The Consortium of Food Allergy Research (CoFAR) Statistical and Clinical Coordinating Center (SACCC) will collaborate with the clinical research centers in supporting the development of clinical and mechanistic food allergy research activities. The Consortium will develop new approaches to treat and prevent IgE-mediated food allergy, including food allergy-associated anaphylaxis and food allergy-associated eosinophilic gastrointestinal disease (EGID). The goals will be to: (1) develop immune intervention strategies for prevention and treatment, (2) identify the mechanisms underlying the natural histories of these disorders, and (3) define the genetic components of these disorders. Multi-site, multi-protocol research will be developed and implemented using standardized and documented policies and procedures per U.S. federal regulation, ICH guidelines and Consortium practices to provide the highest level of security and protection to subjects participating in CoFAR observational and treatment studies. Pharmaceutical support will be provided to manufacturer, label, document and distribute investigational study products consistent with industry standards and an independent GMP review will occur prior to study activation. The SACCC will develop and institute training programs for the sites to conduct standardized study assessments that are key to study milestones, particularly with regards to enrollment and endpoint assessments. Data collection and submission standards will be provided using an electronic data management system, data quality tracked, site and safety monitoring reviewed and reported to the Steering Committee, DSMB and FDA. IND submissions will be supported for the duration of the project and the SACCC staff will collaborate with NIAID Office of Regulatory Affairs to support their sponsor files and FDA submission needs. Data will be analyzed for interim reports, abstracts and eventually published in peer reviewed journals and information disseminated to the medical community and public at large. At project completion, data will be provided to the NIH data repository.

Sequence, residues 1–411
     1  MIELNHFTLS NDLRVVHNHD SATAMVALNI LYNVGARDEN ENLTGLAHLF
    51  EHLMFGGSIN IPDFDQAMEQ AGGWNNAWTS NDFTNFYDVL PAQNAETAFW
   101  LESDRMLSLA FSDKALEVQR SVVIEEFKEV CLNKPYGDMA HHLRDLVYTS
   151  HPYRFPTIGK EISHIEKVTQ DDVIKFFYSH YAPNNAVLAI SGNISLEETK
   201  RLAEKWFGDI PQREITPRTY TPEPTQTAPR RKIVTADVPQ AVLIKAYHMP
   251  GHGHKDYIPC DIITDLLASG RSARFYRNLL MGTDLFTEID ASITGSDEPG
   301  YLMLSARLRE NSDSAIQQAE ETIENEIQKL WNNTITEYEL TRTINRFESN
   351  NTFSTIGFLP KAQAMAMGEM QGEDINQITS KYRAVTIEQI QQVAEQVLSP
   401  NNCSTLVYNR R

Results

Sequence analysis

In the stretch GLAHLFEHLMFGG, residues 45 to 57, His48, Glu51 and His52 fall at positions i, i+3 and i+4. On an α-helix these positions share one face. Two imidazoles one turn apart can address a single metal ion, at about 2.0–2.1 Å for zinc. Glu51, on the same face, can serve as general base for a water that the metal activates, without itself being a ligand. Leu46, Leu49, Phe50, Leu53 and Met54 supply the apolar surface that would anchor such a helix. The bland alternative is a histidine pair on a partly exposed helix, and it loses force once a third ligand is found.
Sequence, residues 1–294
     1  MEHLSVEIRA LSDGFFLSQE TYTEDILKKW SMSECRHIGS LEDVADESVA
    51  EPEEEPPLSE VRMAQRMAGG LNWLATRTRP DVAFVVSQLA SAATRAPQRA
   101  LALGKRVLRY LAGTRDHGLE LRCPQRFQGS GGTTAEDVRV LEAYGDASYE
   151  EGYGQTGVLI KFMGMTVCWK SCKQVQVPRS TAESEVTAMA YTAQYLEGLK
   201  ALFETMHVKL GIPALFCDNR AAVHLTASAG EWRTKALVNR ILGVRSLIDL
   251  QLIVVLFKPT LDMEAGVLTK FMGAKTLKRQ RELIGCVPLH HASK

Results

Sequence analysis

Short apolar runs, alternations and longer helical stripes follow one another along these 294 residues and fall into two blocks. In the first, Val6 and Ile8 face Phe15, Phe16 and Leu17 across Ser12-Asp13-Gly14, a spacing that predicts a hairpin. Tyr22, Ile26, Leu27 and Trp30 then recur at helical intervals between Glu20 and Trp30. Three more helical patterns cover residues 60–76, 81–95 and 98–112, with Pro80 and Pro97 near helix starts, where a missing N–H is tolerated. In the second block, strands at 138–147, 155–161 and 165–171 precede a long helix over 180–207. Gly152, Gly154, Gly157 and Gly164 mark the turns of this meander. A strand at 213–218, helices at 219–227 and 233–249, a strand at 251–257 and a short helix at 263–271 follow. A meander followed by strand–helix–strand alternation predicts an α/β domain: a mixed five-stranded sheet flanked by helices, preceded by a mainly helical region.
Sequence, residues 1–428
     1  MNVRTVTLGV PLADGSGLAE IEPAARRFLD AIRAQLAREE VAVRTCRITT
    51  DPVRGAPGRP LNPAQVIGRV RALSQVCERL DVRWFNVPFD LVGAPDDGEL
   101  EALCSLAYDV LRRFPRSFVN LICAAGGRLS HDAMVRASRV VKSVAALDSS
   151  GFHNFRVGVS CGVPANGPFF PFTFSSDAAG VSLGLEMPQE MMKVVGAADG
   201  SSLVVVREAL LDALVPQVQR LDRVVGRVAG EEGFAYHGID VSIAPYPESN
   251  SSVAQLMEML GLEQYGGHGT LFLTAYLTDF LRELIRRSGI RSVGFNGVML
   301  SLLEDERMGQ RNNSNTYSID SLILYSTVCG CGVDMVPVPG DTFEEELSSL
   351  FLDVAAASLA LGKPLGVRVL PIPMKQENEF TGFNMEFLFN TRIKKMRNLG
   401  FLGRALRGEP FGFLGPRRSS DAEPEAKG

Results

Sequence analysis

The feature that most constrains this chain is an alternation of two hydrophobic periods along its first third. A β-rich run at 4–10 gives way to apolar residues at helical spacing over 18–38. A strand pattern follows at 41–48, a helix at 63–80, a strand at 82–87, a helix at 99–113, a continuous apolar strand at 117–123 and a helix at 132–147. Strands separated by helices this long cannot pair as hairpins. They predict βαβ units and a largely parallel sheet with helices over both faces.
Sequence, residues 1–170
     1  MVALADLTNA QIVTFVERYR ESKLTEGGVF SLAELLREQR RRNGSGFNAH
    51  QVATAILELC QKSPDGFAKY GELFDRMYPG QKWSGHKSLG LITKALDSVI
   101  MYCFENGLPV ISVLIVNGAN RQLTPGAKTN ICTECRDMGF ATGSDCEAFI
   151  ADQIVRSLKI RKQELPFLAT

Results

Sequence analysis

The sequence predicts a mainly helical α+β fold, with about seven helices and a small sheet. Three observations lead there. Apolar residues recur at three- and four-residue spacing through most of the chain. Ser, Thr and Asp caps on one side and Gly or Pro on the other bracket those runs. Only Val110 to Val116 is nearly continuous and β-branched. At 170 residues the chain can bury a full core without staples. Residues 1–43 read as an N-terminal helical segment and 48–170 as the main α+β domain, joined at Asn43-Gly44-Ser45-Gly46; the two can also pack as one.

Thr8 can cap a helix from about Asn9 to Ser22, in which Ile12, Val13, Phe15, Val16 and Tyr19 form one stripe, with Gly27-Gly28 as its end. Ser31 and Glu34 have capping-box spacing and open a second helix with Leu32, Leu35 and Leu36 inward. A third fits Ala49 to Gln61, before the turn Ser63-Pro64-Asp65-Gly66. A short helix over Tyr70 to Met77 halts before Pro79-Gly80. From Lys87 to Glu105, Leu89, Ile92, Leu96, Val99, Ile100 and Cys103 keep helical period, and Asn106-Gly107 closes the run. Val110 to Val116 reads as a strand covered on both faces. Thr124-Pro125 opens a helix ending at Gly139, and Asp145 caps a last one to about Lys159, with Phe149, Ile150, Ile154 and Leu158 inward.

Food allergy is an immunologic disease responsible for substantial morbidity and mortality. Food allergy occurs in almost 4% of children and adults, and has a higher prevalence in children under age 4, and appears to be increasing in prevalence. Severe food allergic reactions may cause anaphylaxis and death. In the United States, there are approximately 14,000-30,000 annual anaphylactic episodes due to food allergic reactions. CoFAR was established from a Congressional mandate to identify immunological mechanisms in food allergy and develop related clinical studies to address this growing public health concern.
|Bunyavanich, Supinda; Shen, Nan; Grishin, Alexander et al. (2016) Early-life gut microbiome composition and milk allergy resolution. J Allergy Clin Immunol 138:1122-1130|
|Sicherer, Scott H; Wood, Robert A; Vickery, Brian P et al. (2016) Impact of Allergic Reactions on Food-Specific IgE Concentrations and Skin Test Results. J Allergy Clin Immunol Pract 4:239-45.e4|
|Jones, Stacie M; Burks, A Wesley; Keet, Corinne et al. (2016) Long-term treatment with egg oral immunotherapy enhances sustained unresponsiveness that persists after cessation of therapy. J Allergy Clin Immunol 137:1117-27.e1-10|
|Burks, A Wesley; Wood, Robert A; Jones, Stacie M et al. (2015) Sublingual immunotherapy for peanut allergy: Long-term follow-up of a randomized multicenter trial. J Allergy Clin Immunol 135:1240-8.e1-3|
|Brough, Helen A; Liu, Andrew H; Sicherer, Scott et al. (2015) Atopic dermatitis increases the effect of exposure to peanut antigen in dust on peanut sensitization and likely peanut allergy. J Allergy Clin Immunol 135:164-70|
|Sicherer, Scott H; Wood, Robert A; Vickery, Brian P et al. (2014) The natural history of egg allergy in an observational cohort. J Allergy Clin Immunol 133:492-9|
|Kottyan, Leah C; Davis, Benjamin P; Sherrill, Joseph D et al. (2014) Genome-wide association analysis of eosinophilic esophagitis provides insight into the tissue specificity of this allergic disease. Nat Genet 46:895-900|
|Wood, R A; Sicherer, S H; Burks, A W et al. (2013) A phase 1 study of heat/phenol-killed, E. coli-encapsulated, recombinant modified peanut proteins Ara h 1, Ara h 2, and Ara h 3 (EMP-123) for the treatment of peanut allergy. Allergy 68:803-8|
|Wood, Robert A; Sicherer, Scott H; Vickery, Brian P et al. (2013) The natural history of milk allergy in an observational cohort. J Allergy Clin Immunol 131:805-12|
|Fleischer, David M; Burks, A Wesley; Vickery, Brian P et al. (2013) Sublingual immunotherapy for peanut allergy: a randomized, double-blind, placebo-controlled multicenter trial. J Allergy Clin Immunol 131:119-27.e1-7|
Showing the most recent 10 out of 19 publications